The Importance of Good Oral Care during Pregnancy

Posted By: wpadmin | September 14, 2016

Did you know that nearly 50% of all pregnant women experience some form of gingivitis? Although your teeth may be the furthest thing from your mind after discovering that you are pregnant, good oral health care is essential to ensure a healthy pregnancy. Unfortunately, the hormonal changes caused by pregnancy can affect your teeth and gums and the health of your baby. Read on to learn some helpful tips for maintaining good oral health during your pregnancy.

Pregnancy and Gum Disease

Research has shown that the hormonal changes caused by pregnancy can increase the likelihood of developing gum disease. Periodontal disease, also called gum disease, can cause many complications for pregnant women, including low birth weight, pre-term labor, and health problems for unborn babies. The best way to avoid these complications is to visit a dentist that specializes in family dentistry in Fayetteville, GA, at the beginning of your pregnancy and practice good oral health care every day.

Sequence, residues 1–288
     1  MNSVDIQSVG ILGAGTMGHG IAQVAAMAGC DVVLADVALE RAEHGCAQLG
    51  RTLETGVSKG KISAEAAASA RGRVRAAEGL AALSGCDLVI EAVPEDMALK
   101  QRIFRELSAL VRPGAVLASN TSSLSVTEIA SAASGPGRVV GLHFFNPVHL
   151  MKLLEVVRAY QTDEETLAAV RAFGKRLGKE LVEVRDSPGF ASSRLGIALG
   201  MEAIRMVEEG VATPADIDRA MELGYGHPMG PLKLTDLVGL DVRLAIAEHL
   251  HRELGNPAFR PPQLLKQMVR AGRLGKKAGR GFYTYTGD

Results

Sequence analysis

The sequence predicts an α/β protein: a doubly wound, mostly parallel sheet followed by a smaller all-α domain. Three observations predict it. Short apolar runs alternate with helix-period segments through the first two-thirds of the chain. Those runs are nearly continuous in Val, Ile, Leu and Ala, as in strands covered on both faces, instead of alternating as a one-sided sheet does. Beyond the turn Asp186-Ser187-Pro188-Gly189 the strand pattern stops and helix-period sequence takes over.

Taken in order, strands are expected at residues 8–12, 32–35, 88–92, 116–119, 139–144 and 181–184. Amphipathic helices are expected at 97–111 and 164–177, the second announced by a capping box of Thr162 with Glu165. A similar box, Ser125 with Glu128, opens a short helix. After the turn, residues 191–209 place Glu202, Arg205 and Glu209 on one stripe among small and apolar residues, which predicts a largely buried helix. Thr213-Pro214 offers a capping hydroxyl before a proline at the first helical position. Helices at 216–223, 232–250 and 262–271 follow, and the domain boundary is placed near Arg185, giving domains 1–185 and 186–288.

Morning Sickness and Oral Care

Morning sickness can make brushing your teeth seem like a nearly impossible task for many pregnant women. If the smell of toothpaste causes a negative reaction, look for a milder flavor that you can tolerate, like fruit or cinnamon. Try brushing with baking soda and water if you cannot tolerate any type of toothpaste. Be sure to rinse your mouth with water after vomiting to help neutralize some of the acid and brush your teeth whenever possible to remove the rest.

Dental Work While Pregnant

While dental checkups and cleanings are essential during pregnancy, dental work should be avoided during the first and third trimesters whenever possible to help protect the health of both the mother and the baby. If you need to have dental work done, the second trimester has been shown to be the safest period of time for pregnant women. Although typically very safe, dental X-rays should be avoided throughout the entire pregnancy to help reduce the chance of exposing the unborn baby to any unnecessary radiation.

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